Peter O’Donnell again proves what a superb writer of criminal dramas he is, producing material that works fine as the original serialised newspaper strips, but is plotted well enough that it reads equally well when collected. This time he involves two forms of slavery in adventures on three continents, pulling in the lost treasure hoard of a terrible historical tyrant, and other exotica for another three stories that hook from the opening pages.

A big part of that is Enric Badia Romero making everything look so alluring. His Modesty herself never moves with the times, but has the classic Sophia Loren seductiveness, and it’s a rare spread of eight strips that doesn’t include at least one perfectly posed head shot. Likewise, Willie Garvin is a handsome hunk of beef, and also sticks with a classic look, his hair always 1960s short, never growing out into a perm or mullet. It ensures all Modesty Blaise strips have a timeless visual appeal.

The unique form of friendship shared by Modesty and Willie is the foundation of the entire strip, but rarely as explicitly explored as in the opening ‘A Present for the Princess’. Willie’s in a small South American state when he loses his memory, but the bond between him and Modesty is so strong she awakens in shock in England when he’s injured. A clever use of psychic divination occurs, and Willie is traced, his circumstances now considerably changed. It’s a touching adventure, and a page turning read.

O’Donnell changes the mood entirely for the second story, set in Madagascar and the unfortunate mixing of searches with two different aims, one of historical interest and the other a treasure hunt. It’s a complex stand-off for Modesty, who has a past with the criminals enslaving the local population. Anyone looking for a single story embodying what makes Modesty Blaise such a finely crafted strip doesn’t have to look past ‘Black Queen’s Pawn’. The title may be a little too clever, but there’s a fascinating historical figure in the form of Queen Ranavalona, a clever solution to a centuries old mystery, a viable trap that keeps tightening, and a nice reversal of the old scaring the superstitious natives trick. It goes without saying that Romero is excellent, but the story stretches him a little, much of the plot set in a single location, so reducing his options. It still looks great.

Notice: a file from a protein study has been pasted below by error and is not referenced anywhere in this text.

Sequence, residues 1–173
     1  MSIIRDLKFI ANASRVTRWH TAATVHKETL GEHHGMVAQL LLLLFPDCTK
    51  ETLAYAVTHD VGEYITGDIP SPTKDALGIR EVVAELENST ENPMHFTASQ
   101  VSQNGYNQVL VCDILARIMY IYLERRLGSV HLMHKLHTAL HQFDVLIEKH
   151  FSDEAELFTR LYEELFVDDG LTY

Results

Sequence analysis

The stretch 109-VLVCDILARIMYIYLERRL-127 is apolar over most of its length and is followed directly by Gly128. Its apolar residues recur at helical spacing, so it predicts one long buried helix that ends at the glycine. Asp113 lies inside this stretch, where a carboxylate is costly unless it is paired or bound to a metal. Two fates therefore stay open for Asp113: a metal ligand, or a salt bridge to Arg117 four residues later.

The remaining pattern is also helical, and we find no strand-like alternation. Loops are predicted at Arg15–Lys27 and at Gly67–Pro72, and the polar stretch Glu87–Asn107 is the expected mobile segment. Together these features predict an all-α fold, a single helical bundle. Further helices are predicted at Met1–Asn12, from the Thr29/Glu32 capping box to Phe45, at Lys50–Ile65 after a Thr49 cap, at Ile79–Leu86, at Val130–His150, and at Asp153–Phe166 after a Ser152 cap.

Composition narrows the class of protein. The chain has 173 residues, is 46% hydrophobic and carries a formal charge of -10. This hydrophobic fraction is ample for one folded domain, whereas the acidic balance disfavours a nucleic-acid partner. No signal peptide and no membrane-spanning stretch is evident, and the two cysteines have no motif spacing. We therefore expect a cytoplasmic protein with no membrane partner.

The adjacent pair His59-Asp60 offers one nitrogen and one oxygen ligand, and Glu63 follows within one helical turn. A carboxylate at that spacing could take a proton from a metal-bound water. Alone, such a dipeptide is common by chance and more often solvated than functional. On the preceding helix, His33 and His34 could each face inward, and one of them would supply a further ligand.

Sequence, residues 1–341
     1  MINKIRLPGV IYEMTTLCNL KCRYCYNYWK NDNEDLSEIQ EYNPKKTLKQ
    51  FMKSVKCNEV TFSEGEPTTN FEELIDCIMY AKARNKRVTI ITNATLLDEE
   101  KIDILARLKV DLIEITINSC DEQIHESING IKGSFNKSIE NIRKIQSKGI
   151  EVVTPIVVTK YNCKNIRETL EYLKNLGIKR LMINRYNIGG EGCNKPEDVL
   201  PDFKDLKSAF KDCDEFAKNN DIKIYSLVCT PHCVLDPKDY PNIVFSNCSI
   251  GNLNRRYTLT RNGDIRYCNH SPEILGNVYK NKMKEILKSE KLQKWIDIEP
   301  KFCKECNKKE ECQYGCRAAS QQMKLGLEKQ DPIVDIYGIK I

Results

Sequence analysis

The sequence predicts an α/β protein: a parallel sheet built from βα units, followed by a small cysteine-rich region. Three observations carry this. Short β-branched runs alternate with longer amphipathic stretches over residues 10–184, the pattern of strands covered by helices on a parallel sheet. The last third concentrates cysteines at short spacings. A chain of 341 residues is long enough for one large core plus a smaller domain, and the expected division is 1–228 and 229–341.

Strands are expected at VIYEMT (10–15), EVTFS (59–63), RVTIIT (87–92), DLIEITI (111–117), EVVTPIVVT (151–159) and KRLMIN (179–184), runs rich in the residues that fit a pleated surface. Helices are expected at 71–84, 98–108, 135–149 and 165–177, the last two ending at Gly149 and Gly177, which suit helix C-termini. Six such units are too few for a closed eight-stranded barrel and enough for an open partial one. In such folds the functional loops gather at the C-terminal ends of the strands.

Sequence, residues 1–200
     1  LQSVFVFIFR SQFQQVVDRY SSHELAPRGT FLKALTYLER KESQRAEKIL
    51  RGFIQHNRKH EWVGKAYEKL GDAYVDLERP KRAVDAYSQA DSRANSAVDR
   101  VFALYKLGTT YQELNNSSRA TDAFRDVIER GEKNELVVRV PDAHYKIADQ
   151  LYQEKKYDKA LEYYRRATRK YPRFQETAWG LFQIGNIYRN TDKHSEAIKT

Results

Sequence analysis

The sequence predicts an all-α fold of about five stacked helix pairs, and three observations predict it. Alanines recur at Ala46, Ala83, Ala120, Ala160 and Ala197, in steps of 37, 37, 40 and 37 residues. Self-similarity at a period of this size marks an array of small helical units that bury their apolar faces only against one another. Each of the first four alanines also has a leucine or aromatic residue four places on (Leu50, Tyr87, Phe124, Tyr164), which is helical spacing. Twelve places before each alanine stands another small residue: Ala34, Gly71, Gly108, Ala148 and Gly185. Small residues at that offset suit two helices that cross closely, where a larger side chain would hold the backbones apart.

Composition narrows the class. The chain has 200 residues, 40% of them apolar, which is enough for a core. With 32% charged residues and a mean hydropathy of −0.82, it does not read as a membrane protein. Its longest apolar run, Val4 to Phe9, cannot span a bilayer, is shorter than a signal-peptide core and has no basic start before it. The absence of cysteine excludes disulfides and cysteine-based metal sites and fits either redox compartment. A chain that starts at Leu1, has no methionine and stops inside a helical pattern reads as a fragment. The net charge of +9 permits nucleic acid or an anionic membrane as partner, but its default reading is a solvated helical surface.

Modesty and Willie have been the focus of the first two stories, but for the title piece O’Donnell spends more time with the villains, two brothers and the girl who’s companion to both. They murder people for fun in ways O’Donnell is channelling from old Batman comics, using giant props and boastful notes, but with a greater purpose. The seemingly random killing of people for fun greatly angers Modesty, part of a rich vein of dark humour running through the plot, also encompassing two of the killers frequently masquerading as priests, leading to some funny faked piety. It’s another clever strip, anticipation not deriving from what killers will do, but from them being unaware they’re being drawn into a trap by experts. Some plot devices are little convenient, but there’s a great piece of staging toward the end as the killers are dealt with.

Has there been a poor Modesty Blaise collection? It’s certainly not The Grim Joker. The Killing Distance follows the chronological publication order, but as continuity is minimal there’s no reason to follow it.